SPRINGFIELD, Ill. (WCIA) – Dozens rallied in Chicago Wednesday calling on lawmakers to renew a scholarship program.
“The power and potential of the tax credit scholarship can’t be summarized in rhetoric or legislation,” Shaka Rawls, the principal of Leo Catholic High School, said in a press conference. “The power and potential resides in the young people it impacts.”
It’s called the Invest in Kids Scholarship Tax Credit program. People can donate money to nonprofits and get a 75% income tax credit. Those dollars then go towards scholarships to help lower income students afford the cost of private school.
“We like to have this school open to anybody, regardless of ability to pay,” William Moredock, the president of Sacred Heart-Griffin High School, said. “This is one way that can happen.”
However, the program was axed from this year’s budget leaving it set to expire by the end of this year.
It’s left many concerned about the future of the program, which passed in 2017, including Central Illinois schools like Sacred-Heart Griffin.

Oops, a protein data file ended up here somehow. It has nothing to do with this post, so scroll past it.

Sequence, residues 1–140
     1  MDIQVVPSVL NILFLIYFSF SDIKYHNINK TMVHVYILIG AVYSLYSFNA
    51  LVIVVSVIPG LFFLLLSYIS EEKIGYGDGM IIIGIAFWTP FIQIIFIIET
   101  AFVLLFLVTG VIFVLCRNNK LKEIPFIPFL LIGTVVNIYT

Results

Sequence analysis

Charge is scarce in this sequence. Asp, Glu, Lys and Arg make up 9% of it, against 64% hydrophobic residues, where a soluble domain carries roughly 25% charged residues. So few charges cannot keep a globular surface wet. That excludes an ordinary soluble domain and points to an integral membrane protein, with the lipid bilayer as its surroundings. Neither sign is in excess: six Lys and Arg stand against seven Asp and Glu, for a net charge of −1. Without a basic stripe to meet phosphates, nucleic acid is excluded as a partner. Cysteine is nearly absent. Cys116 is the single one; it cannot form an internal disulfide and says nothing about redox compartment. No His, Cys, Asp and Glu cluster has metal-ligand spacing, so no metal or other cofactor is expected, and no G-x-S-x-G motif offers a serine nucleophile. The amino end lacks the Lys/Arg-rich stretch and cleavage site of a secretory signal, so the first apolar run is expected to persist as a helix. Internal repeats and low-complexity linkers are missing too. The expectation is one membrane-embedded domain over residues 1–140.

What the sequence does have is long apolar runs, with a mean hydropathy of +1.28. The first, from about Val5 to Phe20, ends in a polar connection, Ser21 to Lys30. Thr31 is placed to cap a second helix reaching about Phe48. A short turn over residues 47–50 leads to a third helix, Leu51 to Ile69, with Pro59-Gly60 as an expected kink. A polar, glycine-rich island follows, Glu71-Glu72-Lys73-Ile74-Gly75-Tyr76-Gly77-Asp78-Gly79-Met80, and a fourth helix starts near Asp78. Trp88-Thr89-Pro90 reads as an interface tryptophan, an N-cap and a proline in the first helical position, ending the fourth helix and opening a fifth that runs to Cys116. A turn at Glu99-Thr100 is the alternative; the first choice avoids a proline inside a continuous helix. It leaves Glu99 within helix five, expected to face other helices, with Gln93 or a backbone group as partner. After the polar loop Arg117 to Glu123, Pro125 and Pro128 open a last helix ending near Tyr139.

“It would be difficult for those students to find the type of school that really meets their educational needs and for the families who have a certain type of school they want to see for their kids. I just see it as being a detriment to our whole community,” Moredock said.
In Illinois, about 41,000 students have been awarded a scholarship since the program began. Now about 9,500 students are at risk of losing their current scholarships.
At Sacred Heart-Griffin, Moredock said 21 students at the school benefit from the program while 23 are on the waiting list, and if lawmakers don’t take action to renew the program, he said they could see fewer students enrolled because of tuition concerns.
“There are many, many students who have been funded by this program who have been able to attend our schools, and if that funding isn’t re-upped in the future, they may have to seek other schools, and that would be a very difficult thing for students and families in our community,” Moredock said.
Democrats have said they would have time to revisit the issue.
Meanwhile, House Republicans introduced legislation in June to make the program permanent. Republicans in the Senate are also pushing for that and want to make that happen when lawmakers return in October for veto session.